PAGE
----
Saturday, 9 May 2015


So that was the general election 2015 eh.

It's easy to be pretty woe-is-me about the whole thing, and this idea that a defeat for Labour/the left/basic compassion was snatched from the jaws of what the polls and the maths suggested was going to be a dementedly convoluted sort of victory.

But maaaaaybe 'we' lost the election because we just didn't want it enough.

That's a frustrating thing to say, because the sad fact is that I have my doubts as to how much the average Tory voter really wanted it. I recently moved to the safe Conservative seat of Beckenham at what should have been the height of election fever, and there was none. The incumbent MP doesn't even have a Twitter account, and I never saw a single poster for him; two elderly Tory tellers outside the polling station was the height of the madness. People vote for the status quo, out of tradition, because their lives are okay and they have no problem with the incumbent. And yes, maybe they also vote for perceived 'winners' and because they've been influenced by nasty, unfair political campaigns and gruesome newspaper oligarchs, but they don't, as a rule, do it out of a cackling desire to shaft the vulnerable and make themselves a load of comedy 80s-stye 'wonga'.

But if you're going to unseat the sitting government you need a bit of momentum, and I'm sorry to say that we absolutely failed here. In maybe the last two weeks of what was essentially five years, folk started getting behind Ed Miliband a bit. Before that and as far as I can tell from my own limited circle, there was not a lot of enthusiasm amidst the liberalsphere for him at all: my impression is that people either bought into the rightwing portrait of him as an ineffectual weirdo, or else were still in a grump over New Labour and found it hard to really rouse themselves to work up enthusiasm for a man who – on the surface at least – was exactly the sort of bland southern SPAD that had come to colonise a one-time workers' party.

I'm not saying it wasn't Miliband and Labour's fault that they failed to counter that argument. But really, what did we expect to happen at the end? Five years of nose-holding and moaning and blathering on about things being better in Scotland or half-heartedly flirting with the Greens (DON'T EVEN GET ME STARTED ON FUCKING VOTE SWAPPING), and suddenly people are acting genuinely devastated that the bloke they've been so ambivalent about failed to get in. OH MY GOD, WHY ARE PEOPLE SO SELFISH AND CRUEL, HOW COULD THEY NOT VOTE FOR THAT PERSON WHO I DIDN'T REALLY LIKE OR IN FACT VOTE FOR.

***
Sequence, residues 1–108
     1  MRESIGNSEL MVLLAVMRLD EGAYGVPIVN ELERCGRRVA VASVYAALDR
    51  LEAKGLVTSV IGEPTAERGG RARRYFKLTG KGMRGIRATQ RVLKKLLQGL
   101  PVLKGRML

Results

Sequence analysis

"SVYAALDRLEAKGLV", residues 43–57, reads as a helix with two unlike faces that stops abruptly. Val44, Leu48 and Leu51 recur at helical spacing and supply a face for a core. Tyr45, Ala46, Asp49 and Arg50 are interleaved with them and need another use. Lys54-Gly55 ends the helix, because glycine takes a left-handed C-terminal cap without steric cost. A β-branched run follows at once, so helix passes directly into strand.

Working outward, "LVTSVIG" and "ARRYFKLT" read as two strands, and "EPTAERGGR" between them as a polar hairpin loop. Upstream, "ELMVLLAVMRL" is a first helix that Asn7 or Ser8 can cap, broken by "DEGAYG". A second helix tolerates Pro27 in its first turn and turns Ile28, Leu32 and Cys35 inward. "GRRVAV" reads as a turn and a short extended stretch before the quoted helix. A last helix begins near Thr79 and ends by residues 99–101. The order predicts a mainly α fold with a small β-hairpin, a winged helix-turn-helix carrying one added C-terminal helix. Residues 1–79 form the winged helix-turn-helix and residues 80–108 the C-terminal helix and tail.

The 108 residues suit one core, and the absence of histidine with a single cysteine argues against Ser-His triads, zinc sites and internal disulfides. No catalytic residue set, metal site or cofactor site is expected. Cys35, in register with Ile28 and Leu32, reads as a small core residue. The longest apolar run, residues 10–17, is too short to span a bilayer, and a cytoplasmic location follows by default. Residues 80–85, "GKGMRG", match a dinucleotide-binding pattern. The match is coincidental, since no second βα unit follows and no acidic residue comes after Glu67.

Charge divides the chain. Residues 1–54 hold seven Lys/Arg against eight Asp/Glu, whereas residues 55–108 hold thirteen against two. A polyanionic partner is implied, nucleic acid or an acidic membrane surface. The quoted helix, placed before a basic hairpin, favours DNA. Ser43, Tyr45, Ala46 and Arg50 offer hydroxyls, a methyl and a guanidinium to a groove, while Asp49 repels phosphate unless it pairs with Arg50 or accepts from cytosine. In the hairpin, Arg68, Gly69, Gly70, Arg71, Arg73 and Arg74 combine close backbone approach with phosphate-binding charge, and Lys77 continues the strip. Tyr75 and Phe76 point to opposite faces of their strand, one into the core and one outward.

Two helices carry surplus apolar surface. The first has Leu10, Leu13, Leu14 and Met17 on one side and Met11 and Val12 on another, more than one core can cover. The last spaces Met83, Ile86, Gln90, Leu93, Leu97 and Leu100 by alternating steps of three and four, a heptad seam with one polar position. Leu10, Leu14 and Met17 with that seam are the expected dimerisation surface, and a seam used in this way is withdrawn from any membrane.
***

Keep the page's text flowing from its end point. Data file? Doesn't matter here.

And JFC, everyone on social media who was boring on about how 'it doesn't matter who you vote for, but you must sign up to vote, people died for the right etc' - given that it seems generally that most of you did in fact have certain preferences, then maybe in an age of mass disillusionment with politics it might have at least proved modestly inspirational if you'd stated yours.

I have absolute respect for Green voters and they have every right to be angry at their lack of parliamentary representation compared to percentage of the vote, but to moan that a different political party to the one you support didn't get in is a bit perverse.

As, I think, was 'our' final goal: what we seemed to be working towards was a vague idea of an SNP, LibDem and Green-supported minority government, which is a STUPENDOUSLY wishy-washy thing to have as an aspiration. Obviously hindsight is a fine thing and the Tories were working towards essentially the same idea, and their shock victory constitutes a fairly feeble majority by any pre-2010 measure, but the end result kind of makes a mockery of our definition of victory.